Yet the more bad luck pushed at me, the more I pushed back. In an interview, Ellison, regarding his second novel, stated that “I managed to keep going with it, I guess, because there was nothing else to do.” I found myself in a similar dilemma. I wanted to write this novel so badly that I was determined to see it through to the end because I really had no other choice.

Needing space and clarity, I decided to put my novel aside and work on other writing projects. I had even begun submitting a few stories to magazines and journals. None of them were accepted, but I kept writing and developing my craft. I also started to read more. I bought an eclectic mix of novels and short story anthologies, learning as much from them as I could.

Still my thoughts drifted back to my novel. It rattled around in my head while I browsed in a bookstore, walked down the street, or rode the train to work. I’d jot down a few lines in my journal, knowing that I was going to start climbing that mountain again.

This time I tried a different strategy. I shared my short stories and fragments of my novel with coworkers and later joined a workshop. After I started attending school, I felt confident enough to workshop my work-in-progress. In a class of nearly forty, I read aloud the prologue to my novel. The response was encouraging. People loved the rich details and the humor.

It was the encouragement I needed to continue working on my novel. Everyday I wrote, balancing my time between classes and family, until I finally finished. When I wrote the last sentence, I leaned back in my chair and shrugged. I expected to feel something––elation, relief, joy––but instead felt nothing. In fact, it seemed rather anticlimactic. I was done, but I knew I wasn’t finished.

During my last semester at San Francisco State University, I took an independent study class with the Head11741 of the Creative Writing Department. I was to work one-on-one with her to plan and write a specific project. I chose my novel. Though I had a completed draft, I needed guidance on how to revise it. I sent her a synopsis and the first fifty pages. Her response was unequivocal. It was too long. She was right. At that point, it had tipped past a thousand pages. No publisher was going to take a chance on a debut fiction that was longer than three hundred. I’d heard this advice before, but it was the first time I took it seriously. I needed to butcher this thing.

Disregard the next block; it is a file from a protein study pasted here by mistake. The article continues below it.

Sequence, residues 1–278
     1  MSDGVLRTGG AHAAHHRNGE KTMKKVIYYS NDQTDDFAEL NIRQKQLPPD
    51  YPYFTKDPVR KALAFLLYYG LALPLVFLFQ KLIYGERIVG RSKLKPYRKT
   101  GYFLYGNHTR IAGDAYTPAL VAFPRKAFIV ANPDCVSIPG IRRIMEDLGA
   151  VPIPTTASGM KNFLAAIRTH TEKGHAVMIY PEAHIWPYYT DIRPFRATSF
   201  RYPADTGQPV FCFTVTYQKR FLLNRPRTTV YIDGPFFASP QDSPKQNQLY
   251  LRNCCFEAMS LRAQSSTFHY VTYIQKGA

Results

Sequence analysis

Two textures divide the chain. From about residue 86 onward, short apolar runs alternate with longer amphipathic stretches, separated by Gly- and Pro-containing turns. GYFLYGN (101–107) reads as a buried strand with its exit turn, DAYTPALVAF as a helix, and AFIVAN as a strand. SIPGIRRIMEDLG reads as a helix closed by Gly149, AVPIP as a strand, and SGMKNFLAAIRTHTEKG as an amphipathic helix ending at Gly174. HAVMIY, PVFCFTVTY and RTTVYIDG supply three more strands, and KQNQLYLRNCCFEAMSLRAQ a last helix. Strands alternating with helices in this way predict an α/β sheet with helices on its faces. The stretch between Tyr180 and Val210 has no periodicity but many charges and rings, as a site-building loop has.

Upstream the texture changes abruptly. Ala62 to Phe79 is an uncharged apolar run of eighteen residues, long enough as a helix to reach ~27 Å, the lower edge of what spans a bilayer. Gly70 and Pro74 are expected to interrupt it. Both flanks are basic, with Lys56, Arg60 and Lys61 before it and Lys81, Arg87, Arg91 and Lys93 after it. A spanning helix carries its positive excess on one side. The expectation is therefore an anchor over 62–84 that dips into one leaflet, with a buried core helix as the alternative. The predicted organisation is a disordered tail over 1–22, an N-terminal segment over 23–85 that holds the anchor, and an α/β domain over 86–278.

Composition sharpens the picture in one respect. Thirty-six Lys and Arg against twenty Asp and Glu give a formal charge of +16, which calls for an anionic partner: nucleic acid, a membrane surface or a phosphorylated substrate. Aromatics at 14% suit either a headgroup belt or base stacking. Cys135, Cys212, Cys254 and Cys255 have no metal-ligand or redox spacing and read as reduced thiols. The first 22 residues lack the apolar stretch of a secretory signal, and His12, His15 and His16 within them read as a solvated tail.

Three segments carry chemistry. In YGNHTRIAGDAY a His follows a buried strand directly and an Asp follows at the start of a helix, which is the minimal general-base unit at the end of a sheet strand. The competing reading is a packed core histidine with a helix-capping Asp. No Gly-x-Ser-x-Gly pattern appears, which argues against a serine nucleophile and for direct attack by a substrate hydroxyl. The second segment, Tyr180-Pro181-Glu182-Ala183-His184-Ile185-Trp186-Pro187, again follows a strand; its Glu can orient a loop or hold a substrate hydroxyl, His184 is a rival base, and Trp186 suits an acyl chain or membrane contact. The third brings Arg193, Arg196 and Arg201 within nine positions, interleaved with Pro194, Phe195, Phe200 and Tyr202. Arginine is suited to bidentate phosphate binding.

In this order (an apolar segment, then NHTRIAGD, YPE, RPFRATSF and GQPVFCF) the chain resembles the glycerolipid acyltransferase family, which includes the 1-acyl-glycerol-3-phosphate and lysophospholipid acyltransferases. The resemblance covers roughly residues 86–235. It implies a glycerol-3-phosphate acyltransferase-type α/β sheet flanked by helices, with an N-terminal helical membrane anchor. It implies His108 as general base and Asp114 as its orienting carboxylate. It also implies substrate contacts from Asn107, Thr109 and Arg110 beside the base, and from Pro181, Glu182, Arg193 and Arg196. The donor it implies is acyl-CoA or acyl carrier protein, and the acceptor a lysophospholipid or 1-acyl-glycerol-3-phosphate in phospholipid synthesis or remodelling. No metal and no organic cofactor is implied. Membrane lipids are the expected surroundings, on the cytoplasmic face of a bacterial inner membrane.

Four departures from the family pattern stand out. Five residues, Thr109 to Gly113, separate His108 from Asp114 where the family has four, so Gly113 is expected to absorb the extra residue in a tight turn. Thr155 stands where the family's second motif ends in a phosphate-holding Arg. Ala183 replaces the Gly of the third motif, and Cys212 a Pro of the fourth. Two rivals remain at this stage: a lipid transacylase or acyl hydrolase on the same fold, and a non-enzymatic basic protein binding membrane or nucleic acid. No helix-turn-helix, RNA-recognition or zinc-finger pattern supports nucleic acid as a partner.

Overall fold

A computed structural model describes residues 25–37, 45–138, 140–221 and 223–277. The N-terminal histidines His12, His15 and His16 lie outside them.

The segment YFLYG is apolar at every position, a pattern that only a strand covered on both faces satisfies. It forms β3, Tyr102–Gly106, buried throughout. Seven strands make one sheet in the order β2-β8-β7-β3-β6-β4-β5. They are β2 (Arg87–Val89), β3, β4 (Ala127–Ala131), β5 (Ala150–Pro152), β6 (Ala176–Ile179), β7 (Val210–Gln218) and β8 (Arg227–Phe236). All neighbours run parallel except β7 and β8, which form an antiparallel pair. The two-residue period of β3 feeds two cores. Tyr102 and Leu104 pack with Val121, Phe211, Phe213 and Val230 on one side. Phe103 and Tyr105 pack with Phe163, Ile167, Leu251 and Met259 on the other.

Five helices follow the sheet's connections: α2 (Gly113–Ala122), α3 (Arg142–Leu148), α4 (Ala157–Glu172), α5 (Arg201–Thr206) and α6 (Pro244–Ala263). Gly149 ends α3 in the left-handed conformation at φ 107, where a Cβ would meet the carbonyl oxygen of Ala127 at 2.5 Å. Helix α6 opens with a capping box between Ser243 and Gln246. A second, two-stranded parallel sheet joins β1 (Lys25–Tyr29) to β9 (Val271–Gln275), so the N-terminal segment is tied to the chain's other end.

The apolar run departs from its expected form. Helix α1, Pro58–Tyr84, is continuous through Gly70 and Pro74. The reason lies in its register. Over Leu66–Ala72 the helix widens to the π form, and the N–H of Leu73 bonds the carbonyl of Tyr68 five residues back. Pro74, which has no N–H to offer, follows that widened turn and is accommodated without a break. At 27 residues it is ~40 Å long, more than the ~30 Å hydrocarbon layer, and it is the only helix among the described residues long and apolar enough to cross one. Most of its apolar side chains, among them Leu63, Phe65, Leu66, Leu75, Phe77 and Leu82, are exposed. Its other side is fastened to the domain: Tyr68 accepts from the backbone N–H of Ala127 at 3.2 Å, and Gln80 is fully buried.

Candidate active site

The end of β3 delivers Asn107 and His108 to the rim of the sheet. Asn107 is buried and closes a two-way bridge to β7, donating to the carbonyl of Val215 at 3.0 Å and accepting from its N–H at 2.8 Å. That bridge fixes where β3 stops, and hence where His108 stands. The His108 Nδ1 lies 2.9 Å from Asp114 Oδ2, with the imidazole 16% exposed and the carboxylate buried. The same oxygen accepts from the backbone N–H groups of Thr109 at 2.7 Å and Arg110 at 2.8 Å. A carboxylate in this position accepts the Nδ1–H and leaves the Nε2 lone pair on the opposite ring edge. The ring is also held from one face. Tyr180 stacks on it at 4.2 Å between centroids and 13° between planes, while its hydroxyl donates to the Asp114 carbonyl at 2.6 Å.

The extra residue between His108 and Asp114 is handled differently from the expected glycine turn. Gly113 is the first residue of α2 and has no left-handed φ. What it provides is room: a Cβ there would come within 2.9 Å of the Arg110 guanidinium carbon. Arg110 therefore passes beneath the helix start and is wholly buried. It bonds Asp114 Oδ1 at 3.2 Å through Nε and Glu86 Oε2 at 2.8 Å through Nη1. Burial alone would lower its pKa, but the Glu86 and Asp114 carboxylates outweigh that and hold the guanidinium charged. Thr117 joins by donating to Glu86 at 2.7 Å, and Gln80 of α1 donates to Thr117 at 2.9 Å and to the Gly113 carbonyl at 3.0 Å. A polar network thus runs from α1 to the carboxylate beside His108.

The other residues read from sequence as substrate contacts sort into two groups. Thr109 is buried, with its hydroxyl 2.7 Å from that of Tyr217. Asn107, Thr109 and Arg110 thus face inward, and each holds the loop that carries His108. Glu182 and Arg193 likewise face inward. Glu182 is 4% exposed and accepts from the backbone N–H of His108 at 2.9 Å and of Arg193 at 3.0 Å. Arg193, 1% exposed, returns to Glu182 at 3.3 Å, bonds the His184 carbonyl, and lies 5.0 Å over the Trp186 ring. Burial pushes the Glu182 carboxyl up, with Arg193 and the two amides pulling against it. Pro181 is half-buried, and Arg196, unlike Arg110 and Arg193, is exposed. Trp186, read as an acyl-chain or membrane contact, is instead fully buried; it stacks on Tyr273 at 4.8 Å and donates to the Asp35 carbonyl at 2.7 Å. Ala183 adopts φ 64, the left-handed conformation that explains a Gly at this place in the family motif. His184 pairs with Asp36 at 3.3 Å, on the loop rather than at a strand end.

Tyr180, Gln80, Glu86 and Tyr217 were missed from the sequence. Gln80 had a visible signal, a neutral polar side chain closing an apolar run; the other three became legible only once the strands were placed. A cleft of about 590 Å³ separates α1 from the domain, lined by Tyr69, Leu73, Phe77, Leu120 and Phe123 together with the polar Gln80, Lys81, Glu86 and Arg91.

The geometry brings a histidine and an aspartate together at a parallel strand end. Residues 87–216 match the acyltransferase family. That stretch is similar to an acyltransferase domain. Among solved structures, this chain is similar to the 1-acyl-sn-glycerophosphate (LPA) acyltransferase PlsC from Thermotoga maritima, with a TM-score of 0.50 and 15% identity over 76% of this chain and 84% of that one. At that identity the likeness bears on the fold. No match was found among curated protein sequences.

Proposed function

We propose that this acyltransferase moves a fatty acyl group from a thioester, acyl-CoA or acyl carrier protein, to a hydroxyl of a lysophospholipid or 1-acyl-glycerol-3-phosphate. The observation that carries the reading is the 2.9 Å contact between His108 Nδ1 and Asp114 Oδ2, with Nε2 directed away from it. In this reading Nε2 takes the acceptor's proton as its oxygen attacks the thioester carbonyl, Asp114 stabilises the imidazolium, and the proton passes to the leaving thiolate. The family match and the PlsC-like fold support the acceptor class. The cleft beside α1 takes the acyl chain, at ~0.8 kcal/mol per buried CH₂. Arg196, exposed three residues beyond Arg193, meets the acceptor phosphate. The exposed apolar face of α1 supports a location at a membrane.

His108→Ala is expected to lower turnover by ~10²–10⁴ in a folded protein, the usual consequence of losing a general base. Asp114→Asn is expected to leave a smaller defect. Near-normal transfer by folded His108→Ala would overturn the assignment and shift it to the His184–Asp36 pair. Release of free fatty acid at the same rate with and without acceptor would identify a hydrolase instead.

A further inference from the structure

She pointed out the repetitions in the novel, both on the plot and sentence level, and advised that I cut down word count by having characters talk to each other. I took her advice (though the one about characters talking to each other would drastically change a novel that was about the problems caused by people who don’t talk to each other). I made other serious edits. I took out the magic realism, which was quite frankly was amateurish. I dropped a few characters and truncated or excised scenes to tighten the plot. I edited the novel down to a little over five hundred pages. Not the three hundred or less I was aiming for, but still a pretty significant achievement. When I delivered another fifty pages to my instructor, she was more circumspect.

“Your characters are getting away from you,” she said. “Have you ever thought about writing this in third person?”

In other words I needed to distance myself from the text. Ironically in earlier versions the novel was written in third person, but it demanded to be written in first. Yet my instructor was right. These characters were running roughshod over me. I needed to wield more control.

After I graduated in 2009, I embarked on rewriting the entire novel in third person. I spent the next year on the revision, making more editing choices, truncating more scenes. Once completed, the story had become tighter, more focused. I had a better sense of what it was about thematically.

And yet, I was dissatisfied. I kept fiddling with the narrative, cutting scenes, adding others, or rewriting them altogether. Something wasn’t right. At first I thought I was being a perfectionist or that I was reluctant to let go after having worked on it for so long. By spring, however, I realized what happened. In trying to gain control over the narrative, I had also cut out its heart. The story needed to be in first person. It needed those clashing voices.